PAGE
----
Morel mushroom season is fleeting in Montana. We usually get a narrow window of time (5 - 6 weeks) to pick the delicious little gems beginning in May and then that's it for the year. For most people, mushrooms are love 'em or hate 'em. I fall into the love 'em category and I'll hopefully be hitting my top-secret location this weekend, weather permitting.
Finding morels can be hit-or-miss, as the fickle fungi can sometimes show up in the same spot every year... or not. This 2004 article from Montana State University offers a short read on morels and their habitats. They can be found in mountainous locations, sometimes in areas that experienced wildfire burns last summer and along river valleys in lower elevations. The most common morels found in Montana are the Yellow (Morchella esculenta) and the Black (M. elata) varieties.
Rain (or lack-thereof) along with temperature and other conditions can impact your luck when hunting morels. Some years I've found a big bag full of them at my spot, other years I've been completely skunked. Locations are closely guarded among mushroom hunters. You're more likely to have someone share their secret fishing hole than divulge where they found their 'shrooms.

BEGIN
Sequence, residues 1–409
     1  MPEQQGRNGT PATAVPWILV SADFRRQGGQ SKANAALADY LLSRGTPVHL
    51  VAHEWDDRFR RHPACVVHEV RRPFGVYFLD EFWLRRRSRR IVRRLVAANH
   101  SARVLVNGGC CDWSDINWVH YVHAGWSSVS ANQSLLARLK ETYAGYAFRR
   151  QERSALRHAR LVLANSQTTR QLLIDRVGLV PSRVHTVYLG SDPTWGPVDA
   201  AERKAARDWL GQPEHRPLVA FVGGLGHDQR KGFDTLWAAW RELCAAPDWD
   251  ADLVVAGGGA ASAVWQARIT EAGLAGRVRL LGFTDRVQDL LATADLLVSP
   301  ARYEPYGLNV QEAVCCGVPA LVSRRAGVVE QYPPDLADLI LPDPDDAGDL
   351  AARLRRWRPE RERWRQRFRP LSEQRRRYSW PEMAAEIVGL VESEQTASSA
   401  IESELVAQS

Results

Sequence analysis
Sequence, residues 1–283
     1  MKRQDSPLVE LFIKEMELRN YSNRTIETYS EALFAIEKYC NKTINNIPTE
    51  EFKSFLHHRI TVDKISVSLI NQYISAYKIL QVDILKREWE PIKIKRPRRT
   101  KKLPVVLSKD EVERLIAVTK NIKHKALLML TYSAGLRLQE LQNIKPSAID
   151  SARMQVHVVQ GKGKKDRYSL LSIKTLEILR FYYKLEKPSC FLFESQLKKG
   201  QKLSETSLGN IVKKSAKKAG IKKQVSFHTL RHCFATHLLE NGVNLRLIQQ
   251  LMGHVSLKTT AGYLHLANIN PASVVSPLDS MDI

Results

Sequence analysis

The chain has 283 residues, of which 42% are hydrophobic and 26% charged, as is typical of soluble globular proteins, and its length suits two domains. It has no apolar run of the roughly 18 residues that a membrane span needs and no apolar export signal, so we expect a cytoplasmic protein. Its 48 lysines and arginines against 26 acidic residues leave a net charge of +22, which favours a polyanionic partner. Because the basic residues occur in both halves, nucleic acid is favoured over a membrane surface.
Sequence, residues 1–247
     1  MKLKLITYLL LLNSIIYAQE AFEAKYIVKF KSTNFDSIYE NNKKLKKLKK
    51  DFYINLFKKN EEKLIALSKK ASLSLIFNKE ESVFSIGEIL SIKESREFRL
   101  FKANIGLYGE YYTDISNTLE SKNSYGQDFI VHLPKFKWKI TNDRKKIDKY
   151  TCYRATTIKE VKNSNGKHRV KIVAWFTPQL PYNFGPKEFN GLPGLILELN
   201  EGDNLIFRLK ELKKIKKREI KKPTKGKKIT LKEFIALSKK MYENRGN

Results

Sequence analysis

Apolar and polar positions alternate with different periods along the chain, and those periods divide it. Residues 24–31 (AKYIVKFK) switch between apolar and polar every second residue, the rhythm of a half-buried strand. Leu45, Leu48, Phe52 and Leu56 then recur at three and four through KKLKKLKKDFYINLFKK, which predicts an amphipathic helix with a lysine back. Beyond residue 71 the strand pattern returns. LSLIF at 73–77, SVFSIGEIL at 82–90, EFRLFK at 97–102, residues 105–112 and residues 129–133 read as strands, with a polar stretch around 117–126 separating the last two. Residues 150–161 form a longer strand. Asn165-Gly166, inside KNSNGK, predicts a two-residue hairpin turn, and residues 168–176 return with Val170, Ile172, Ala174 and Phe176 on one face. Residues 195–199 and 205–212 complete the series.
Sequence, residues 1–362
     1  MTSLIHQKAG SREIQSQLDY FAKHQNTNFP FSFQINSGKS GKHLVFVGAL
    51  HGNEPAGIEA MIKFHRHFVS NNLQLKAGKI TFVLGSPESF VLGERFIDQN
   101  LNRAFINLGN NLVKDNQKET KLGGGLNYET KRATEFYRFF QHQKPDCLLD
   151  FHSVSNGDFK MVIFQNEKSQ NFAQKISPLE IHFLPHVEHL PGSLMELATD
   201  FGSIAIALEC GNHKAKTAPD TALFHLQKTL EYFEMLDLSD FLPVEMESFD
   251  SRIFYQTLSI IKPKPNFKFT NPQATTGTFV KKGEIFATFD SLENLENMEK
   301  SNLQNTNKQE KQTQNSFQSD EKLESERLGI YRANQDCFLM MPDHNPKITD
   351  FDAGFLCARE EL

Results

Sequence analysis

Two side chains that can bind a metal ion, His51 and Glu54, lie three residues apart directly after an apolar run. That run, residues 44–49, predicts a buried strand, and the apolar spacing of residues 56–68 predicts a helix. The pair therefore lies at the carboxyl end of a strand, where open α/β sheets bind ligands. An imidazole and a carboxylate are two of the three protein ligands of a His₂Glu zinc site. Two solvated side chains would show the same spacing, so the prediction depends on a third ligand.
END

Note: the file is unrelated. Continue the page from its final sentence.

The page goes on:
Montana State University mycologist Cathy Cripps offered some tips:
- Go with an experienced mushroom hunter
- Bring a full color mushroom handbook. This one, authored by Cripps is Rocky Mountain specific.
- Don't pick or eat old or funky smelling mushrooms.
- Don't be fooled by imposters. There are a couple varieties that look quite similar to morels, but are not and those should never be consumed.
She adds a reminder that mushroom picking is not allowed in any national park and regulations may vary on Forest Service land. Always get permission to hunt on private property.